"Bio-Rad could have chosen a much easier first test to submit for FDA approval as many other molecular diagnostic companies have done; however, having a test that is approved by the FDA and distributed to all molecular diagnostic laboratories will allow standardization of testing with a highly sensitive and accurate method," she said.
A study using Bio-Rad's ddPCR showed a lower limit of detection and quantification than standard qPCR methods for BCR-ABL monitoring, while research published last year using another dPCR method from Fluidigm suggested the technology in general can better detect residual disease than other PCR-based approaches.
Bio-Rad is currently in the middle of clinical trials for BCR-ABL monitoring for CML and intends to submit data to FDA early in 2018, Jensen-Long said.
In alignment with recent FDA practice, immediately following BCR-ABL, the company will submit its QXDx open IVD platform in order to support clinical laboratories with compliant LDT assays, she added.
Overall, the company has "built the ddPCR space from the ground up," Jensen-Long said, and it does not see significant competition within the space at this time. The technology also continues to have advantages in precision and accuracy over qPCR competitors, she said, and Bio-Rad expects to take market share away from that segment.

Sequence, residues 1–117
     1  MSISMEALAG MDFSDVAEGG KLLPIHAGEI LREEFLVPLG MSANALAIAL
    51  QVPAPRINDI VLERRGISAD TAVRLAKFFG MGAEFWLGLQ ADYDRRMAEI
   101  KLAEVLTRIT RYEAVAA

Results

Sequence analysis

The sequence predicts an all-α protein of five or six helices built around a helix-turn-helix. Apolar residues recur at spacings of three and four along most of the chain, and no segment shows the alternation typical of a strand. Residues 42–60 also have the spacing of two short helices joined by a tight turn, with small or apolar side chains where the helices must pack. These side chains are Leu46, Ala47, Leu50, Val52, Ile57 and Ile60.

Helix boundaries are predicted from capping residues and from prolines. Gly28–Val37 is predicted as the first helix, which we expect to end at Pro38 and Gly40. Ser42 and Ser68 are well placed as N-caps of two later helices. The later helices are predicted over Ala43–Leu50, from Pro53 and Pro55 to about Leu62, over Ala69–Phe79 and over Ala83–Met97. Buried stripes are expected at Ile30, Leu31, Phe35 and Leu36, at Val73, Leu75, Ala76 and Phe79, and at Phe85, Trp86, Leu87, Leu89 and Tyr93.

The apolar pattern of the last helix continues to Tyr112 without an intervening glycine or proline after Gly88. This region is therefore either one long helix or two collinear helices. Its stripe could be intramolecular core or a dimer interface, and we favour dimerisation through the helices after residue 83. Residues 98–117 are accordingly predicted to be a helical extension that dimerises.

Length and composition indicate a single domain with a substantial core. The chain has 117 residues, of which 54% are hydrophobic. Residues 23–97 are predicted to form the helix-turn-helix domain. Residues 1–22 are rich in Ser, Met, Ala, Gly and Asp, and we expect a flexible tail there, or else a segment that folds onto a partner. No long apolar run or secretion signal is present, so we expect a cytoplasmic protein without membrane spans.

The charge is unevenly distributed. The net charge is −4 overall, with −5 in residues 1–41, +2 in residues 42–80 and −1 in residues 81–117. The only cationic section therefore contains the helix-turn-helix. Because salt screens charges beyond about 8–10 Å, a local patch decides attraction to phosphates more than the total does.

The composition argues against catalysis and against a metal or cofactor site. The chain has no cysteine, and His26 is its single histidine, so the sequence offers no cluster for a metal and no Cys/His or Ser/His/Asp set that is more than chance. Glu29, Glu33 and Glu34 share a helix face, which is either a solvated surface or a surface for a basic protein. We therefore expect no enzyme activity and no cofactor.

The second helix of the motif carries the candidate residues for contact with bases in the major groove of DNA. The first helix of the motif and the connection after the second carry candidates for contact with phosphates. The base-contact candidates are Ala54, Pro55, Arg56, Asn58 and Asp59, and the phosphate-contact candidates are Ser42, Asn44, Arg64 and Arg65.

"We could see some downward competitive pressure from NGS if that technology can become faster, simpler, and inexpensive enough to use in low multiplex applications," Jensen-Long said. In the meantime, Bio-Rad is continuing to expand its ability to query a larger number of markers and variants per reaction to maximize sensitivity when limited DNA is available, such as in liquid biopsy samples, and it will also continue to further streamline the ddPCR workflow.
In terms of competition from other technologies being used for CML monitoring, a BCR-ABL test kit from Asuragen received premarket clearance from the FDA last year, becoming the first such kit commercially available in the US, and the firm has since launched a CE-marked kit to detect minor fusions. A BCR-ABL test from Cepheid was CE marked in late 2015.
Jensen-Long noted that ddPCR as an enabling technology has "strong value across the clinical spectrum, from primary diagnosis and companion diagnostics, to monitoring." Further evolution of the ddPCR ecosystem will include "higher-plex panels, a fully integrated and hands-free system, and development of a sample-to-answer platform," she said.